The headline of a Dec. 10 Newsmax articles read, "Waterboarding Is Not Torture." The former article cites; The latter article rehashes Newsmax's Ronald Kessler's claims that "Torture is normally defined as the infliction of severe pain, and while waterboarding induces fear because it simulates drowning, it does not inflict pain" -- a claim that has been debunked -- and that "Waterboarding was used only when the CIA believed a second wave of terrorist attacks was imminent" and "the information they ultimately provided helped stave off attacks that could have resulted in the deaths of tens of thousands of people" -- a questionable claim, as we also noted.

This article was juxtaposed in Newsmax's "Inside Cover" section by a wire article in which an interrogator of a suspect who was waterboarded called the technique torture.

So, who are you going to believe? A Bush fluffer who has an interest in downplaying waterboarding, or the guy who actually did the deed? 

Posted by Terry K. at 10:51 AM EST
MRC-Fox News Appearance Watch
Topic: Media Research Center

A Dec. 10 appearance by the MRC's Rich Noyes on Fox News' "The O'Reilly Factor" followed the template in that Noyes appeared solo, though O'Reilly did note that the MRC is conservative.

O'Reilly, in his "Talking Points Memo" section, mentioned the MRC's Dec. 4 "Media Reality Check" claiming that the networks have reduced their coverage of Iraq because the U.S. is doing better there, but he did not mention the Project for Excellence in Journalism study finding that Fox News' coverage of the Iraq war was much less than other cable networks at a time when the U.S. was doing badly there -- and, in fact, had covered Anna Nicole Smith more intensely than the war during that time. The MRC similarly makes no mention of the PEJ study in its report.

Posted by Terry K. at 10:27 AM EST
Timmerman Peddles Neocons' CIA Conspiracy Theory
Topic: Newsmax

With the revelation that the recently released National Intelligence Estimate concluded that Iran stopped developing nuclear weapons in 2003, conservatives have been frantically spinning those results. Chief among the spinners is Newsmax's Kenneth Timmerman, who has dragged a conspiracy theory into the mix.

In a Dec. 4 article, Timmerman claimed that the report "was coordinated and written by former State Department political and intelligence analysts — not by more seasoned members of the U.S. intelligence community" and that the claim that Iran suspended its nuclear weapons program "is based on a single, unvetted source who provided information to a foreign intelligence service and has not been interviewed directly by the United States." Timmerman then goes on to bash each of the analysts he claims were responsible for the NIE.

Timmerman builds on the conspiracy in a Dec. 6 article, in which he claims that Republicans "suspect that 'shadow warriors' opposed to the president are skewing the intelligence for political ends." Gee, what a coincidence -- Timmerman just happens to have published a book called "Shadow Warriors" in he makes that very same claim. 

Timmerman goes on to quote an anonymous (of course) source as saying, "This is CIA pay-back to the president for having made them, not FBI, take the rap for the failures that led up to 9/11."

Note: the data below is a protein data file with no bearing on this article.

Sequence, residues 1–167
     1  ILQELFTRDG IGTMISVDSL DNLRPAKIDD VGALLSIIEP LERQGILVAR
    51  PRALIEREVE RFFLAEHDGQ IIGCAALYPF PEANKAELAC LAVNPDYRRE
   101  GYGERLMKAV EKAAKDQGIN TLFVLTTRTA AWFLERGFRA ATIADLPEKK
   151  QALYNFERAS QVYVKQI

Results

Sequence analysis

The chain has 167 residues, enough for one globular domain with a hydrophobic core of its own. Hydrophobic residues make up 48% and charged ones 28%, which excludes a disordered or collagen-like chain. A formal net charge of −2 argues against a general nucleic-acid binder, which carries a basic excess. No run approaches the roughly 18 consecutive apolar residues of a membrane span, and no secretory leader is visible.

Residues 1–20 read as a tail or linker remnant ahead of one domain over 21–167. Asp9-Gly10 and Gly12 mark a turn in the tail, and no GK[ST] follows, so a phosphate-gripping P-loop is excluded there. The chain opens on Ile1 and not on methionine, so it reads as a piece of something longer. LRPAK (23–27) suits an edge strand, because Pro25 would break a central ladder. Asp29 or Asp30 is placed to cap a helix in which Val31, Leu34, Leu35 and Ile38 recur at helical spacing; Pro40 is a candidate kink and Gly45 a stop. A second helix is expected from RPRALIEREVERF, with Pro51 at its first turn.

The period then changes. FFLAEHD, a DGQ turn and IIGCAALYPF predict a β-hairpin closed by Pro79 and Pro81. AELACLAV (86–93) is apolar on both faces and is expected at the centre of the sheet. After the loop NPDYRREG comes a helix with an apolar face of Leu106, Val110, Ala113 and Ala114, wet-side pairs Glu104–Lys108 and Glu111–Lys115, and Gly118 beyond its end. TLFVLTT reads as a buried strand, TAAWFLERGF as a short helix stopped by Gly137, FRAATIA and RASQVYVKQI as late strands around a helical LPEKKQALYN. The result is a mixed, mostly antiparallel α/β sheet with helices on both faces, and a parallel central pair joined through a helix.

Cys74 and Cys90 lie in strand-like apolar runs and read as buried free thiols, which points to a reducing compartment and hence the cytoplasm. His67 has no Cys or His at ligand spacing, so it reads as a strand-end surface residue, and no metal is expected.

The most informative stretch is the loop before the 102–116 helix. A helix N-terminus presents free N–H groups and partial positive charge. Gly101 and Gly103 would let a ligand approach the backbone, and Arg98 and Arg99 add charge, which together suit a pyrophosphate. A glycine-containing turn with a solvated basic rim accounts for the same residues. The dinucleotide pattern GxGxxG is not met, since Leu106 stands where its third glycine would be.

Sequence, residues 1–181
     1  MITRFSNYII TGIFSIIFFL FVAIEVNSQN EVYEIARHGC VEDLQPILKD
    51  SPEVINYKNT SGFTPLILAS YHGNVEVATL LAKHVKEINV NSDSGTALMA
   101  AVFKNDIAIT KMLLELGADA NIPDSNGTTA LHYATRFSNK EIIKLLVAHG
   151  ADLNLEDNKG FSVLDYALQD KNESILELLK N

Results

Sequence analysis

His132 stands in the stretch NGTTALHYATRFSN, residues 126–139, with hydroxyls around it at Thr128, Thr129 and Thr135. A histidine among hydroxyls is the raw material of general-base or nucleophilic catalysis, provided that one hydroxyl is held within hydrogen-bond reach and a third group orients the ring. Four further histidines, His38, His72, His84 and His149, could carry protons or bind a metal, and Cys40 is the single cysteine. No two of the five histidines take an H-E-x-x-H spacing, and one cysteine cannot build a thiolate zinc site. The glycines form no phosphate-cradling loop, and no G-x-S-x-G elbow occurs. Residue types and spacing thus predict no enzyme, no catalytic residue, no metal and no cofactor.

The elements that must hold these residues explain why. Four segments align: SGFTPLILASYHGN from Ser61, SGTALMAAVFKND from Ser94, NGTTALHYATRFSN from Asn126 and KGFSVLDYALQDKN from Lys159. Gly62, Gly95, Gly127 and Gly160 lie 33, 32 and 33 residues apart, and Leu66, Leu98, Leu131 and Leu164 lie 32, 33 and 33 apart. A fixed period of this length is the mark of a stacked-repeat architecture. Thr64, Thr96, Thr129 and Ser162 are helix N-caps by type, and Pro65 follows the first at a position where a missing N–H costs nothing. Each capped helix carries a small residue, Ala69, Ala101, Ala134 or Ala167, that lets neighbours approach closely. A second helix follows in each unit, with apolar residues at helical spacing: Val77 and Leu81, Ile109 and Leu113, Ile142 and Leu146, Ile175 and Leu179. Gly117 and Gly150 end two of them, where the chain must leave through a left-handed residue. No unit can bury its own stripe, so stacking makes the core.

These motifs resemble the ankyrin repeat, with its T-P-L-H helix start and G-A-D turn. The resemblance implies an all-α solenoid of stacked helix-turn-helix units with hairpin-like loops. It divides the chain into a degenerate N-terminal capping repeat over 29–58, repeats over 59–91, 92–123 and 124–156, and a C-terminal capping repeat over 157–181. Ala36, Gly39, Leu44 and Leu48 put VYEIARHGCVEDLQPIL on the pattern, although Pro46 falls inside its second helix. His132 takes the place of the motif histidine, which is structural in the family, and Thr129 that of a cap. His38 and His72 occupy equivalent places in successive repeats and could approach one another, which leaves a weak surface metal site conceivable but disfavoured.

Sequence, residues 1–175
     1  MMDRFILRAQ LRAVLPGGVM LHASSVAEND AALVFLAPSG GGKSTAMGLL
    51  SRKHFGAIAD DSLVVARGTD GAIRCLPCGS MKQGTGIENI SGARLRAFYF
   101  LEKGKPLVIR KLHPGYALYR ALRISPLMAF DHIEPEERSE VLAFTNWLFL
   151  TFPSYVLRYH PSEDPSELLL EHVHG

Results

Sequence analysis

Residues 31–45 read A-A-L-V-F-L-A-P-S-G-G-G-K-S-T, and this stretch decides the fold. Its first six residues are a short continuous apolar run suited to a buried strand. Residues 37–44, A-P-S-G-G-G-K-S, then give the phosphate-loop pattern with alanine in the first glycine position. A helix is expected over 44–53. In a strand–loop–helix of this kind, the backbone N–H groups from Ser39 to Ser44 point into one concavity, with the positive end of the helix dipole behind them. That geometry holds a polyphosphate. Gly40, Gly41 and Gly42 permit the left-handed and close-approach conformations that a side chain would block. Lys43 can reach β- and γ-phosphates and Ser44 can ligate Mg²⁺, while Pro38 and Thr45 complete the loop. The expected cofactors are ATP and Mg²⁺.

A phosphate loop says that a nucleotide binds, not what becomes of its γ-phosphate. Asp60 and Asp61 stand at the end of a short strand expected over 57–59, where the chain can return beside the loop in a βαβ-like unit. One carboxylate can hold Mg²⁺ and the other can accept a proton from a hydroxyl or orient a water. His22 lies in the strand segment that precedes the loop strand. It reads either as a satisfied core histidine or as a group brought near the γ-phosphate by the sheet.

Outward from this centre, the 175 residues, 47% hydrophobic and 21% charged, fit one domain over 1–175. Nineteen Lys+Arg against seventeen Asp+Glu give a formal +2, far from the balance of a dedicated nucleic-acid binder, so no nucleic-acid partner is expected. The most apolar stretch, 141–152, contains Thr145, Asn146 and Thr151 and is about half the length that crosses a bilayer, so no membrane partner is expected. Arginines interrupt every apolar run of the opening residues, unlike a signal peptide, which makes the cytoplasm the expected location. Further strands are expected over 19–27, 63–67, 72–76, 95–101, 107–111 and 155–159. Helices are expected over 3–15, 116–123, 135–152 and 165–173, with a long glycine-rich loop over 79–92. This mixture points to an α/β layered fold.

The idea that doves in the intelligence community are deliberately undermining the Bush administration for political purposes underpins not only Timmerman's book but also Rowan Scarborough's book "Sabotage: America's Enemies in the CIA." Funny, we don't recall them considering the idea that the Bush aministration is acting with political motives as well. Noted neocon John Podhoretz has made a similar claim.

Timmerman and Scarborough, if you'll recall, teamed up to bash Michael Sulick, a longtime CIA official who fell out of favor under CIA director Porter Goss and returned to the agency after Goss left. Both Timmerman and Scarborough remain big supporters of Goss. (Scarborough, a reporter for the Washington Examiner at the time, wrote a less inflammatory article a few days later, then "retired" from the Examiner shortly afterwards.)

The funny thing about that is that Newsmax's Ronald Kessler -- himself no slouch in the Bush-fluffing and CIA-lionizing department -- has his own version of the Sulick episode that doesn't quite jibe with that of fellow Newsmaxer Timmerman. In a Dec. 8 article claiming that the person responsible for destroying CIA tapes of coercive interrogation of terrorism suspects was Jose Rodriguez Jr., the head of the CIA’s Directorate of Operations under Goss, Kessler wrote:

At the same time, some CIA operatives suggest that Rodriguez felt he could get away with ordering the destruction on his own because CIA management was so dysfunctional under Goss. Goss surrounded himself with a tight circle of former Capitol Hill aides who engaged in ego battles with widely admired and successful CIA officers.

 One example was Stephen R. Kappes, a former Moscow and Kuwait Station chief who played a pivotal role in secret talks that led Muammar al-Qaddafi of Libya to give up his program to develop weapons of mass destruction. Kappes resigned from the CIA when Patrick Murray, who was chief of staff to Goss, ordered Kappes to fire his deputy, Michael Sulick, after Sulick criticized Murray over the nasty way he had treated another CIA officer. [Goss replacement Michael] Hayden has since brought Kappes back to the agency, promoting him to deputy director.